Oktober 2016



In the field of optics, transparency (also called pellucidity or diaphaneity) is the physical property of allowing light to pass through the material without being scattered. On a macroscopic scale (one where the dimensions investigated are much, much larger than the wavelength of the photons in question), the photons can be said to follow Snell's Law. Translucency (also called translucence or translucidity) is a super-set of transparency: it allows light to pass through, but does not necessarily (again, on the macroscopic scale) follow Snell's law; the photons can be scattered at either of the two interfaces where there is a change in index of refraction, or internally. In other words, a translucent medium allows the transport of light while a transparent medium not only allows the transport of light but allows for image formation. The opposite property of translucency is opacity. Transparent materials appear clear, with the overall appearance of one color, or any combination leading up to a brilliant spectrum of every color.

When light encounters a material, it can interact with it in several different ways. These interactions depend on the wavelength of the light and the nature of the material. Photons interact with an object by some combination of reflection, absorption and transmission. Some materials, such as plate glass and clean water, transmit much of the light that falls on them and reflect little of it; such materials are called optically transparent. Many liquids and aqueous solutions are highly transparent. Absence of structural defects (voids, cracks, etc.) and molecular structure of most liquids are mostly responsible for excellent optical transmission.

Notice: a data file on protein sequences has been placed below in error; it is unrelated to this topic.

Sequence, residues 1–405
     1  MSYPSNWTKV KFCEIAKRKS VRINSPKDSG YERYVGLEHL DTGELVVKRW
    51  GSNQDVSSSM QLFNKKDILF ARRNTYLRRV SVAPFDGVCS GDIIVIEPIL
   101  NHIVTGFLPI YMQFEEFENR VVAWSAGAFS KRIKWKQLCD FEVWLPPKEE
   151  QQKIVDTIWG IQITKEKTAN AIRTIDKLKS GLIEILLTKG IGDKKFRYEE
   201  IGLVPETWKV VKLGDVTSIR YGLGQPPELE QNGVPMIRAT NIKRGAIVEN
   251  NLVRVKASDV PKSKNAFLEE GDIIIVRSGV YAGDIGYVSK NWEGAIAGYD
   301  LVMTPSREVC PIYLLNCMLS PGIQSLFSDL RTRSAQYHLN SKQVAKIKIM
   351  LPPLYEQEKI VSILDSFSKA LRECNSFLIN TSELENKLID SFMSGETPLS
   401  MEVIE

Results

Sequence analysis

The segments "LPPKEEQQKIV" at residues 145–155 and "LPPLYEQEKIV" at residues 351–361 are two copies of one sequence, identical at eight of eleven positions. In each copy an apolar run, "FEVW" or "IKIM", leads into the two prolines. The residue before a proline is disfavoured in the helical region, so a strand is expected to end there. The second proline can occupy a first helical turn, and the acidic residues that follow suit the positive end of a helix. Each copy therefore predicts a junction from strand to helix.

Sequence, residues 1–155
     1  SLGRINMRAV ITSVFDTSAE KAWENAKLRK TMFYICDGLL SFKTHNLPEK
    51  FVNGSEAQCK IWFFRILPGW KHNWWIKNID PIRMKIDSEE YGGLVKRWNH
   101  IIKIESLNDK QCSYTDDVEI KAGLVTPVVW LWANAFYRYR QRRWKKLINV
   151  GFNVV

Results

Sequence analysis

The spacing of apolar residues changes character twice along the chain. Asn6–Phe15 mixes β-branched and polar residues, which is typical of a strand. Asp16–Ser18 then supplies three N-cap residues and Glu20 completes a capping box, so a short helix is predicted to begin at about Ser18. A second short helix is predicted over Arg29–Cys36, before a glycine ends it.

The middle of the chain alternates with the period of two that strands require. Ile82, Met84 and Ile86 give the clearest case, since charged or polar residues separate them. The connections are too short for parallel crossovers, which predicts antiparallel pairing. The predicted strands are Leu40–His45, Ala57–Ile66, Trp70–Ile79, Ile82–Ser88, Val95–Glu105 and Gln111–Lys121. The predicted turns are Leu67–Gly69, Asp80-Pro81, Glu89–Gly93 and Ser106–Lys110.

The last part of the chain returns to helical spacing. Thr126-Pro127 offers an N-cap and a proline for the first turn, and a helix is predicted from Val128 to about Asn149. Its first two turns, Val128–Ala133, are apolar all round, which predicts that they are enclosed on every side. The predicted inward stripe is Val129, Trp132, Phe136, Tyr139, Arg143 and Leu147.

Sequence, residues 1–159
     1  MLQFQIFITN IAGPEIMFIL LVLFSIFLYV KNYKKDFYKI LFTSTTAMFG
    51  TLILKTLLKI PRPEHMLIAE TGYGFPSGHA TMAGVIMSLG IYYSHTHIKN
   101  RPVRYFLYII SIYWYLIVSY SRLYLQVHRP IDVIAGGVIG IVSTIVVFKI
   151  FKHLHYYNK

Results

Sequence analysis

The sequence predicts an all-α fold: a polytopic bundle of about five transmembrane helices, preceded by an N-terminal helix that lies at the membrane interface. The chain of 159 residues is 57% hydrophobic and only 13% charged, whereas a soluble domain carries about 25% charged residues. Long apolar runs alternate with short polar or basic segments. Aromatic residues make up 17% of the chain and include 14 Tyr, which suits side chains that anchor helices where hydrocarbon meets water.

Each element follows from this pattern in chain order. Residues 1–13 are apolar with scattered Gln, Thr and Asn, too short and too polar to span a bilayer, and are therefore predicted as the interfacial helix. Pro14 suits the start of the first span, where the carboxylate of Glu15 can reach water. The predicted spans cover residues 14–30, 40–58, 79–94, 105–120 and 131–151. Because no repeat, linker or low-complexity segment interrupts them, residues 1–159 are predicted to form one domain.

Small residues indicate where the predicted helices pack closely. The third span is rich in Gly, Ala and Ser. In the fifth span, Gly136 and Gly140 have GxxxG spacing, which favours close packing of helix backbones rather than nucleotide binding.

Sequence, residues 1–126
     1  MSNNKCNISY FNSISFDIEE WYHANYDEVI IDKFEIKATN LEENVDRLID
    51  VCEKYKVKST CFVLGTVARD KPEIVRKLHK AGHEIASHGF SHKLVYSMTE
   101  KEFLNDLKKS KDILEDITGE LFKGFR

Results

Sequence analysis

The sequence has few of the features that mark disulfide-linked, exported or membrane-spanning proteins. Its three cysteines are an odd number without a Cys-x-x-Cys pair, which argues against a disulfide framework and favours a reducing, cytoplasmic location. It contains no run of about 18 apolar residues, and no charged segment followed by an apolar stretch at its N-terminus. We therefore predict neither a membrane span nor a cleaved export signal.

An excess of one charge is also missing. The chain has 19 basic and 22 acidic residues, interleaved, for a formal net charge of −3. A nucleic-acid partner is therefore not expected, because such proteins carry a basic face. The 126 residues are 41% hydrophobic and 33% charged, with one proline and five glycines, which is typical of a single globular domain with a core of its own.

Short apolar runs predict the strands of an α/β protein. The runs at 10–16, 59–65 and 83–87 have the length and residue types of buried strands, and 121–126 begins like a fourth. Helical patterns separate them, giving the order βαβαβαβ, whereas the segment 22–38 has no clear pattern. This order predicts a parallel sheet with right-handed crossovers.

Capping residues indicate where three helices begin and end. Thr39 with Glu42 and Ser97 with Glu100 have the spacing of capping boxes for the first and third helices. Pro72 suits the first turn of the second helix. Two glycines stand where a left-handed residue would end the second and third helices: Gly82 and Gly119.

Materials which do not transmit light are called opaque. Many such substances have a chemical composition which includes what are referred to as absorption centers. Many substances are selective in their absorption of white light frequencies. They absorb certain portions of the visible spectrum while reflecting others. The frequencies of the spectrum which are not absorbed are either reflected back or transmitted for our physical observation. This is what gives rise to color. The attenuation of light of all frequencies and wavelengths is due to the combined mechanisms of absorption and scattering.

Transparency can provide almost perfect camouflage for animals able to achieve it. This is easier in dimly-lit or turbid seawater than in good illumination. Many marine animals such as jellyfish are highly transparent.